THE ART OF CLAY COURT TENNIS
May 28, 2011, 8:04:30 AM | by
What is your opinion of clay court tennis? Real clay, you know, the red stuff. The surface known as terra bateau which is made from crushed house bricks, not that grey/green faux clay they use in the USA. It is an...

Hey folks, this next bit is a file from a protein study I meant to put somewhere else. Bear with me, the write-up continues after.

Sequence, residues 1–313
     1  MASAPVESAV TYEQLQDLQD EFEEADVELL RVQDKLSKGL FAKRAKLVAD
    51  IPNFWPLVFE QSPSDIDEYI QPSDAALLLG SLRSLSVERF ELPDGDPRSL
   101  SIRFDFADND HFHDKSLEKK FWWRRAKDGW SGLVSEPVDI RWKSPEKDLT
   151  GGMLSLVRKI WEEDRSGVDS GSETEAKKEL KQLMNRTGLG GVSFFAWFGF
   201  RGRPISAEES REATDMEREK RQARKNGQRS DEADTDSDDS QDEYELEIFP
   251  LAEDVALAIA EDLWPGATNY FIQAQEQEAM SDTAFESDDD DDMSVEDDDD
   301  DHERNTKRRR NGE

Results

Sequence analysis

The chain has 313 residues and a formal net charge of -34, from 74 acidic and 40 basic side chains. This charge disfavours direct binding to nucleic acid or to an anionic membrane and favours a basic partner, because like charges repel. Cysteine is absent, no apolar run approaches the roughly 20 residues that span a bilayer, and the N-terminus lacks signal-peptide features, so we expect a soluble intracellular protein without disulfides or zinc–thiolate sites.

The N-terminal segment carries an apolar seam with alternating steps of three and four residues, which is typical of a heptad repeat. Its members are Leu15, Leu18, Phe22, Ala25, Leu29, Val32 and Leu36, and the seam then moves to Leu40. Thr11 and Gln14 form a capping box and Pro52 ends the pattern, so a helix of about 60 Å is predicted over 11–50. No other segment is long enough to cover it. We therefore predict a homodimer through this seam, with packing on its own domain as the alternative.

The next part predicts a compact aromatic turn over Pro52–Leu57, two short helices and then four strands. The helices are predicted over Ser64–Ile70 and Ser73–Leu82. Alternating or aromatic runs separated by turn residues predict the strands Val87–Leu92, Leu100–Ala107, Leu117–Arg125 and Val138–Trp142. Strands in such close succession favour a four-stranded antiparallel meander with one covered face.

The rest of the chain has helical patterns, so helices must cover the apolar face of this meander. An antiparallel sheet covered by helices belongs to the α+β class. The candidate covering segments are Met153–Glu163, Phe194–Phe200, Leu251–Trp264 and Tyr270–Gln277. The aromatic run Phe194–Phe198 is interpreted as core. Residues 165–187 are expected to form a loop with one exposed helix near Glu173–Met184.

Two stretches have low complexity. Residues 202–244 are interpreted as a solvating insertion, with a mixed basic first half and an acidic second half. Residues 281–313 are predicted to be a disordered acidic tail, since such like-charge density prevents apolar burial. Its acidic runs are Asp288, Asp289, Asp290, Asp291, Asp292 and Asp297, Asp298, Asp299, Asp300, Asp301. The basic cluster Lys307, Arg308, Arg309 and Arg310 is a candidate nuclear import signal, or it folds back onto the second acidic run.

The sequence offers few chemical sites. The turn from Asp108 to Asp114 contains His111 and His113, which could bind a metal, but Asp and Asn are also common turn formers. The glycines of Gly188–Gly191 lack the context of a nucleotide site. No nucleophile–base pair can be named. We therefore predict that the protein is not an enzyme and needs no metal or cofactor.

What is your opinion of clay court tennis? Real clay, you know, the red stuff. The surface known as terra bateau which is made from crushed house bricks, not that grey/green faux clay they use in the USA. It is an interesting surface to play on and remains one of only two natural surfaces in world tennis, the other obviously being grass. To be quite poetic, to play on red clay is called the “art of clay court tennis”. You can learn to play on it but to really excel on it you probably need to be born on it. I’d say the surface has evolved to some degree over the years and here at Roland Garros, the home of clay tennis and the most important clay court tournament in the world (I’m sure the Italians would think that’s in Rome at the Foro Italico), the pace is not as slow as it once was. It’s no longer a surface for insomniacs. The ball bounces higher in Paris and you see more variety in a match and you see tennis that is thrilling. In a clay court match you know you have been through the grinder, that you have played a match. The grit is in your shoes and socks and when you take a slide there’s the red stuff over your shorts and shirt. It’s like you’ve been in the wars. You feel you’ve given it everything you have. There’s a sense of satisfaction. At the French Open stamina, both on the physical and mental side are crucial. Many believe this is the toughest of the four majors to win because five sets on red clay leaves you feeling drained, but still there is just that something extra that you can’t quite put a finger on. On clay, movement is such a big thing to master, that’s why growing up on the surface makes such a difference. You slide into the ball to return it and see the skid marks cutting through the clay; you hit with topspin and because of the topspin the single handed backhand, tennis’s most beautiful stroke, looks like a work of art. You have to be prepared to hit ball after ball in a baseline rally that can be as thrilling as a ride on a rollercoaster, as the crowds’ emotions and excitement take the ride with you. I have been fortunate to see some glorious clay court matches some that have been thrillers, others that have been straight sets. There’s been the opportunity to marvel at a master at work and for me, on clay, that is just one person, Rafael Nadal. His 2008 French Open final against Roger Federer was arguably the most brilliant clay court match played. Here on wearetennis.bnpparibas we want to know how much you like playing on clay and what is the best clay court match you have seen. What sort of mark have you left on the terra bateau?